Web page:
"Grace, mercy and peace from God the Father and from Jesus Christ, the Father's Son, will be with us in truth and love. It has given me great joy to find some of your children walking in the truth, just as the Father commanded us." (2 John 1:4) John doesn't say that all of the children are walking in the truth, so it could be that some of the church members are struggling or that some have drifted away from the main body of believers. No apostle, teacher, or pastor expects everyone to be converted and transformed by the hearing of the gospel. Not everyone who heard Jesus preach believed in Him, not even after witnessing His miracles. John is happy just to know that some of these people are walking in the truth, which means that they are walking with the Lord Jesus Christ. We can't walk with someone unless we are going in the same direction they are going. In the same way, we can't truthfully say we are walking with Christ unless we are going in the direction He would go and doing the things He would do and saying the things He would say.

Some years back the acronym "WWJD?" became popular. It stood for "What Would Jesus Do?" All sorts of merchandise was sold with this acronym on it, so much so that unbelievers managed to scoff at it almost to the point of turning it into a joke, but the question is valid. In fact, it's a question that anyone who claims to be walking with Christ should be asking himself all day every day. What would Jesus do? What would Jesus do if someone cut Him off in traffic? What would Jesus say if a customer was rude to Him at work? How would Jesus react if someone talked about Him behind His back? Would Jesus turn His eyes away from impure things? Would Jesus resist the temptation to handle money dishonestly? Would Jesus combat the lies of the devil and of this unbelieving world with the truth of the holy Scriptures? Would Jesus love His neighbor as Himself?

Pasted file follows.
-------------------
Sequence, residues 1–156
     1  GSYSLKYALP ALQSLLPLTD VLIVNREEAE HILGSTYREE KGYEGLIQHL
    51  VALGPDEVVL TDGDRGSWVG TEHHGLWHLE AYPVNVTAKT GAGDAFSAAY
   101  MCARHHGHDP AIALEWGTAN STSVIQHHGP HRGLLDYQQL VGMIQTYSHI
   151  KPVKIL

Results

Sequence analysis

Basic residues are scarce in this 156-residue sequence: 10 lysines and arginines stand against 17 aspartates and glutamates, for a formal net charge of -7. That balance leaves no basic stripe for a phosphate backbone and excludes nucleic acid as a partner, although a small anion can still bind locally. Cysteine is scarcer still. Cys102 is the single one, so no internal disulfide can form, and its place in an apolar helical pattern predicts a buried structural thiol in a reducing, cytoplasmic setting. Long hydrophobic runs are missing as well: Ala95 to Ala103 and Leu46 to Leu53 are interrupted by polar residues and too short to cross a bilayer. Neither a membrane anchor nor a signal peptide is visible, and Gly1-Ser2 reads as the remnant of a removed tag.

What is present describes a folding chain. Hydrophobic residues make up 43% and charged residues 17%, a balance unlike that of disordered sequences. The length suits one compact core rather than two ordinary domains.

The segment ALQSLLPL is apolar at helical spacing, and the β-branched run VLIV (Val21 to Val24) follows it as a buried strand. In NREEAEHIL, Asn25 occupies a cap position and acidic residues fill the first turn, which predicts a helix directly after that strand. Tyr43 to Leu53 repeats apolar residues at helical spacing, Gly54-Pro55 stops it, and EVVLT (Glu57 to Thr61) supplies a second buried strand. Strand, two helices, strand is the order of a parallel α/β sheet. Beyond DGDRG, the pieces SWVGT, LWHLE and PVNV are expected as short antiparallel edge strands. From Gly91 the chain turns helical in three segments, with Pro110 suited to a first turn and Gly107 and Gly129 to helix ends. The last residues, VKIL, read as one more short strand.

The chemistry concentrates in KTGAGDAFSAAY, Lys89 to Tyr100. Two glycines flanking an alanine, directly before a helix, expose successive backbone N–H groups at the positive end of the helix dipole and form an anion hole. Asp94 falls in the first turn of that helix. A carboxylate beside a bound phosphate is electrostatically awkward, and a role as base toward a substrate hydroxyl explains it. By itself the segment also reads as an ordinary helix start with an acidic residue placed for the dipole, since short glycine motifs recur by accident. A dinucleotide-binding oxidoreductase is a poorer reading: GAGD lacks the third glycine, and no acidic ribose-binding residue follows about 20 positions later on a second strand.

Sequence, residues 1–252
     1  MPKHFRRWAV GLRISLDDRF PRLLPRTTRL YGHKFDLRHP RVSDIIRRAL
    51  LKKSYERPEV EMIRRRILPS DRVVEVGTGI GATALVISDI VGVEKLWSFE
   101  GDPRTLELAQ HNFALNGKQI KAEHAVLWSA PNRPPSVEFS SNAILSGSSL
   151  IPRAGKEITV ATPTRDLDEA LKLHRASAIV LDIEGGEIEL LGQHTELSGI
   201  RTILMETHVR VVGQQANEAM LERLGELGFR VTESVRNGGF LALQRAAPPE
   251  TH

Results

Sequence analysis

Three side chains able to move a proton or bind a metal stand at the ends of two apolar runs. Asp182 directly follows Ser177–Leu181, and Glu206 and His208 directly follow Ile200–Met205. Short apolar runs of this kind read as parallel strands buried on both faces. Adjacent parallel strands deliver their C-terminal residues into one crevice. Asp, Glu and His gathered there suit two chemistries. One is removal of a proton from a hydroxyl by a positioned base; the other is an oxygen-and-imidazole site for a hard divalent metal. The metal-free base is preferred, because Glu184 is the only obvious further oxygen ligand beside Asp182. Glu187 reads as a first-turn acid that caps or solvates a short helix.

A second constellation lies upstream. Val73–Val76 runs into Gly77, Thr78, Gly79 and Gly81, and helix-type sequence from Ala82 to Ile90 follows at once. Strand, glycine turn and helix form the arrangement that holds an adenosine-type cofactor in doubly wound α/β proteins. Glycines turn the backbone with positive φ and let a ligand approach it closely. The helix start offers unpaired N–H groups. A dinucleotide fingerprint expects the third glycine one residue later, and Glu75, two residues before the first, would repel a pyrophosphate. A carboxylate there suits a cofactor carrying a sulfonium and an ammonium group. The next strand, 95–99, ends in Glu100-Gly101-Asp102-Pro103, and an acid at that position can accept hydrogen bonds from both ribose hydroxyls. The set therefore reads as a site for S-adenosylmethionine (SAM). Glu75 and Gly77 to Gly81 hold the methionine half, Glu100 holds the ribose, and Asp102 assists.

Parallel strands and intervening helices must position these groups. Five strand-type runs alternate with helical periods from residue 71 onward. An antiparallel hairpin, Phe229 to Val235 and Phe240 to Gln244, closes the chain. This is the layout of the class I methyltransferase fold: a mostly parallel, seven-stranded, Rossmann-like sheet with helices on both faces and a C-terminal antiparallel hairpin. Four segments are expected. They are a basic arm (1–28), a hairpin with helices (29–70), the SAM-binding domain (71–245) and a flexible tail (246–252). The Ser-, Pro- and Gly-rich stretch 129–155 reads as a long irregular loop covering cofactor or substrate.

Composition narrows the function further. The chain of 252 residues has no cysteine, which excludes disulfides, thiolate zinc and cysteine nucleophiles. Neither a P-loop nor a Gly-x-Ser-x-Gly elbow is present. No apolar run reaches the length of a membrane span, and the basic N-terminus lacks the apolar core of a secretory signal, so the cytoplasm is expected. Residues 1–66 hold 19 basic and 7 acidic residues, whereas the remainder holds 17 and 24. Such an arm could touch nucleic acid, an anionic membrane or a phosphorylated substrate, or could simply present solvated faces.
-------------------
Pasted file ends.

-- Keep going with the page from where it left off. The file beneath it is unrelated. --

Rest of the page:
We could go on and on, but you see where this is going. If we belong to Christ, we should want it to be said of us that we are walking in the truth. And if we are walking in the truth, we will be doing and saying the things Jesus would do and say. John has heard that there are people in the area to which he is writing who are daily asking themselves, "What would Jesus do?" By this he knows they belong to Christ. This knowledge, he says in verse 4 above, "has given me great joy". Like John, we should experience great joy not only because we ourselves are in Christ, but that others are in Christ as well. Nothing should make us happier than to know that another human being has entrusted his eternal soul to the Lord Jesus.